Although the 30-year fixed mortgage rate dropped to its lowest level since January, overall mortgage applications last week were down 3.7 percent on a seasonally adjusted basis from the week before, according to the Mortgage Bankers Association’s latest survey.
The seasonally adjusted refinance index decreased by 4.3 percent to 1,935.3 from 2,022.2 the previous week, and the purchase index decreased by 2.8 percent to 401.4 from 412.9 one week earlier.
The refinance share of mortgage activity increased to 48.6 percent of total applications from 48 percent the previous week, and is now at its highest level since February 2005. The adjustable-rate mortgage (ARM) share of activity remained unchanged from the previous week at 25.5 percent of total applications.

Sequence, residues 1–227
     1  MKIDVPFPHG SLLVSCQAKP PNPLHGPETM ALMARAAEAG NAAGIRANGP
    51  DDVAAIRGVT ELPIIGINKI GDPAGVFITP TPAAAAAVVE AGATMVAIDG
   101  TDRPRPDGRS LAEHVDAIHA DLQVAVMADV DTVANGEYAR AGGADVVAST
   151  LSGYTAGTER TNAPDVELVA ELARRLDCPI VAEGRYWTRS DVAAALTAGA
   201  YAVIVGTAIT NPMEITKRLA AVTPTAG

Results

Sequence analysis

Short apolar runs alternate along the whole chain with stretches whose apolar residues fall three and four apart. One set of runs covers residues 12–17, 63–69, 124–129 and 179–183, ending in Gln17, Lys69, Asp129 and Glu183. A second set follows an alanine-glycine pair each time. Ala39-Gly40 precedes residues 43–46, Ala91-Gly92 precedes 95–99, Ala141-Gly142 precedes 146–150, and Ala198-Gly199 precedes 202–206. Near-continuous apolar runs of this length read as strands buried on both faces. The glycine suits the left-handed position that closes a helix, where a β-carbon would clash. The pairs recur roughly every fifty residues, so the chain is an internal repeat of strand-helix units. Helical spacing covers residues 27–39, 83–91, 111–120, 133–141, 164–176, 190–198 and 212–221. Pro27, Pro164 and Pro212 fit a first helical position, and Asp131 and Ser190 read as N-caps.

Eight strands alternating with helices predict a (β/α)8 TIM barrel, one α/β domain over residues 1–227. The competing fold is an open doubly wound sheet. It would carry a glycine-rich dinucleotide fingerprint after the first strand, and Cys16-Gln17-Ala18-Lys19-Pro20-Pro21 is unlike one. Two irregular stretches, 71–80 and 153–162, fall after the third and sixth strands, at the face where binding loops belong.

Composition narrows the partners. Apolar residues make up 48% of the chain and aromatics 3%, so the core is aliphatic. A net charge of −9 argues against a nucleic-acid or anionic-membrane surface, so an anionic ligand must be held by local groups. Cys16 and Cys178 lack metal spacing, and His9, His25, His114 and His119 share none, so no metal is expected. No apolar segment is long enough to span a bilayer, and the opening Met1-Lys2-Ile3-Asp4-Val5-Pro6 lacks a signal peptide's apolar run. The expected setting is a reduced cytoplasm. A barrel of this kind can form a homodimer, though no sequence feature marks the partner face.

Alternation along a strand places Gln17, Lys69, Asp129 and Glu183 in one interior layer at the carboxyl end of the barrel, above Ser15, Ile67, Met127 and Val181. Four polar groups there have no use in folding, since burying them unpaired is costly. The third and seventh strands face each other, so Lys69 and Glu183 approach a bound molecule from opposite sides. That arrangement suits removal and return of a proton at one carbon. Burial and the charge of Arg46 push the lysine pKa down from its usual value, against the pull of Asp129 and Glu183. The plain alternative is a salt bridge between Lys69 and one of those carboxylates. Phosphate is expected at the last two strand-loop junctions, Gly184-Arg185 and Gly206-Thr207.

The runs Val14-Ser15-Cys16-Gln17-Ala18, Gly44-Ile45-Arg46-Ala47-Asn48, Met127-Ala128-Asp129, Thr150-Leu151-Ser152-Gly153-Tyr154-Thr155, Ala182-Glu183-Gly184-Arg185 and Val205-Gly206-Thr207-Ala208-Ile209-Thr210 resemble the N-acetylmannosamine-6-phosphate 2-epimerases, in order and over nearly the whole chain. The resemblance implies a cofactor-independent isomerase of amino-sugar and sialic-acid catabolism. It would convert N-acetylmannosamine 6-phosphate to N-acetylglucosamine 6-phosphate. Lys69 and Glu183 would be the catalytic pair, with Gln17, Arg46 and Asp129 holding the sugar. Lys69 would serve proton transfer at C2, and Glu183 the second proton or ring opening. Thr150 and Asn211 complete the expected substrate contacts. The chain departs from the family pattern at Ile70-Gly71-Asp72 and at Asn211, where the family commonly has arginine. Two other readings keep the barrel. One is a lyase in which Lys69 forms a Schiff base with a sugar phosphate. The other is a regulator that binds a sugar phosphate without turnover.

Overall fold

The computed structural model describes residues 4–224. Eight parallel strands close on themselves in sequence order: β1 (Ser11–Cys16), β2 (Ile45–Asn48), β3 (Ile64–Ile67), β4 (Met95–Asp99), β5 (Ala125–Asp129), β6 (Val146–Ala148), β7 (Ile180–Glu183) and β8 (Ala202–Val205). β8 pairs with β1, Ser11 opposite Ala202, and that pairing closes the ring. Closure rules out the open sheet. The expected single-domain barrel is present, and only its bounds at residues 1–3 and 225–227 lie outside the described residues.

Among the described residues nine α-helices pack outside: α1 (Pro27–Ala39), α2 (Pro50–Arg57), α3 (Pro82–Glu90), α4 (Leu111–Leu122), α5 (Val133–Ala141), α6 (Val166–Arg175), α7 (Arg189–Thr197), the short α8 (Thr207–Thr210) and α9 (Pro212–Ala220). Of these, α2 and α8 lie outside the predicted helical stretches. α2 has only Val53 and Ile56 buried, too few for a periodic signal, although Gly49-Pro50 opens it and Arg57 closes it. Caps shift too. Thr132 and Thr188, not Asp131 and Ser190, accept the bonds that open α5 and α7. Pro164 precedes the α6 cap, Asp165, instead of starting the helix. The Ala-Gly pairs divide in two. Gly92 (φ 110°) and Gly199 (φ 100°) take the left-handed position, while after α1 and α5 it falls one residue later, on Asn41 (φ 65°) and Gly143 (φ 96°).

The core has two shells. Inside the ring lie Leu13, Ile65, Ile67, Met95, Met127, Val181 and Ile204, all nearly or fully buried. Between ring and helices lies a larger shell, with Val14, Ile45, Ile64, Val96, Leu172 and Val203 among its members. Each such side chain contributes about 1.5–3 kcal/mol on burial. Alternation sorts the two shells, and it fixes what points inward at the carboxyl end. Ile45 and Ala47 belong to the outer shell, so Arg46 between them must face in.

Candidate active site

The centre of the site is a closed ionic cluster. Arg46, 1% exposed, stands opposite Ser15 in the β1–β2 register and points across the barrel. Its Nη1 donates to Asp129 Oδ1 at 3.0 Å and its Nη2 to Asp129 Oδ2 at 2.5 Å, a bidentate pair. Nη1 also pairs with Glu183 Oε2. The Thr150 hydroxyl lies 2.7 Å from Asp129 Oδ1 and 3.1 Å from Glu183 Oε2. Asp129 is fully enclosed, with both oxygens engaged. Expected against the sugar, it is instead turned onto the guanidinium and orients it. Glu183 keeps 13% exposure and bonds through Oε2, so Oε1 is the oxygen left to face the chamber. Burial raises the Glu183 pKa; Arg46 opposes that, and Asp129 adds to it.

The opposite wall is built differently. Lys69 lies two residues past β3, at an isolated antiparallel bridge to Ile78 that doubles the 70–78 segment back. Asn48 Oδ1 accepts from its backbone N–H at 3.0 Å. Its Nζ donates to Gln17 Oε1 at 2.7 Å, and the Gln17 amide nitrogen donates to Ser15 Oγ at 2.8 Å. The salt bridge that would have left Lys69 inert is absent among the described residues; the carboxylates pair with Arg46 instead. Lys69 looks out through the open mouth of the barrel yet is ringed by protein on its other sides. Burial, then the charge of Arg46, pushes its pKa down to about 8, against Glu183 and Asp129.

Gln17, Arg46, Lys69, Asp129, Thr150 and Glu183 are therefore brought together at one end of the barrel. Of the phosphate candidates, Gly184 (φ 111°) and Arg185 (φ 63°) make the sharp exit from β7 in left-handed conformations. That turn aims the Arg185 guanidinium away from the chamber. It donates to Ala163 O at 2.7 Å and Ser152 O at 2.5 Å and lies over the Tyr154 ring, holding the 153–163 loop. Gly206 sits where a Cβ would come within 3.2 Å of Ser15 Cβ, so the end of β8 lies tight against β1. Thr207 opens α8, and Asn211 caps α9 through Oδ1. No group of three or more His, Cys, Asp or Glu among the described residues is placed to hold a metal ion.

The average contract interest rate for 30-year fixed-rate mortgages fell to 6.13 percent last week — a 10-month low — from 6.15 percent the previous week, with points including the origination fee decreasing to 0.95 from 0.98 for 80 percent loan-to-value-ratio loans.
Points, which are fees charged by lenders for loan processing, are expressed as a percent of the total loan amount.
The average contract interest rate for 15-year fixed-rate mortgages increased to 5.88 percent from 5.85 percent, with points including the origination fee decreasing to 0.96 from 1 for 80 percent loan-to-value-ratio loans.
The average contract interest rate for one-year ARMs increased to 5.88 percent from 5.87, with points including the origination fee increasing to 0.8 from 0.78 for 80 percent loan-to-value-ratio loans.
Washington, D.C.-based Mortgage Bankers Association is a national association representing the real estate finance industry. The survey covers approximately 50 percent of all U.S. retail residential mortgage originations, and has been conducted weekly since 1990. Respondents include mortgage bankers, commercial banks and thrifts.